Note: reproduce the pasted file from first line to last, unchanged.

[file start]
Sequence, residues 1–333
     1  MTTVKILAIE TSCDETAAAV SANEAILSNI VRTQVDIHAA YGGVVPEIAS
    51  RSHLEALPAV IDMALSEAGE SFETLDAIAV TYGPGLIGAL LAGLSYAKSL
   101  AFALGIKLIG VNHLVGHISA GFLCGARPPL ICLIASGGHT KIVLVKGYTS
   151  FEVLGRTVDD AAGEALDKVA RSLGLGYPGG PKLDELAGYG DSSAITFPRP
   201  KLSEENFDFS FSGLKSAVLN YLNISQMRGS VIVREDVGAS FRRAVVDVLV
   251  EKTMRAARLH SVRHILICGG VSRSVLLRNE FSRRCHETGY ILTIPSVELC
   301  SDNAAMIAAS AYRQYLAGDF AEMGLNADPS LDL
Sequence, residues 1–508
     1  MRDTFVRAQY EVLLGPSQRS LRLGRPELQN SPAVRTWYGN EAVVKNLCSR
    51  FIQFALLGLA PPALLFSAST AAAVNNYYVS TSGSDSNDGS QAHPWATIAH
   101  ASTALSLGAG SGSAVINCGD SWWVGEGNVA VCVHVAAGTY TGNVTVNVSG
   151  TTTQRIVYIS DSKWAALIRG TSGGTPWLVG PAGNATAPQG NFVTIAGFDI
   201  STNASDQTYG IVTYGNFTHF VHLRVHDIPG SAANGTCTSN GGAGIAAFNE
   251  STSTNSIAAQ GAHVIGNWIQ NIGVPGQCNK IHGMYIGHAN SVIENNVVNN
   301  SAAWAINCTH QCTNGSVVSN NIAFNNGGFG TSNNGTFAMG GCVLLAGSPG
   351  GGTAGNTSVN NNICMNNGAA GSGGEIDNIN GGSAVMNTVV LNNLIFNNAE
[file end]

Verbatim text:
Sequence, residues 1–333
     1  MTTVKILAIE TSCDETAAAV SANEAILSNI VRTQVDIHAA YGGVVPEIAS
    51  RSHLEALPAV IDMALSEAGE SFETLDAIAV TYGPGLIGAL LAGLSYAKSL
   101  AFALGIKLIG VNHLVGHISA GFLCGARPPL ICLIASGGHT KIVLVKGYTS
   151  FEVLGRTVDD AAGEALDKVA RSLGLGYPGG PKLDELAGYG DSSAITFPRP
   201  KLSEENFDFS FSGLKSAVLN YLNISQMRGS VIVREDVGAS FRRAVVDVLV
   251  EKTMRAARLH SVRHILICGG VSRSVLLRNE FSRRCHETGY ILTIPSVELC
   301  SDNAAMIAAS AYRQYLAGDF AEMGLNADPS LDL
Sequence, residues 1–508
     1  MRDTFVRAQY EVLLGPSQRS LRLGRPELQN SPAVRTWYGN EAVVKNLCSR
    51  FIQFALLGLA PPALLFSAST AAAVNNYYVS TSGSDSNDGS QAHPWATIAH
   101  ASTALSLGAG SGSAVINCGD SWWVGEGNVA VCVHVAAGTY TGNVTVNVSG
   151  TTTQRIVYIS DSKWAALIRG TSGGTPWLVG PAGNATAPQG NFVTIAGFDI
   201  STNASDQTYG IVTYGNFTHF VHLRVHDIPG SAANGTCTSN GGAGIAAFNE
   251  STSTNSIAAQ GAHVIGNWIQ NIGVPGQCNK IHGMYIGHAN SVIENNVVNN
   301  SAAWAINCTH QCTNGSVVSN NIAFNNGGFG TSNNGTFAMG GCVLLAGSPG
   351  GGTAGNTSVN NNICMNNGAA GSGGEIDNIN GGSAVMNTVV LNNLIFNNAE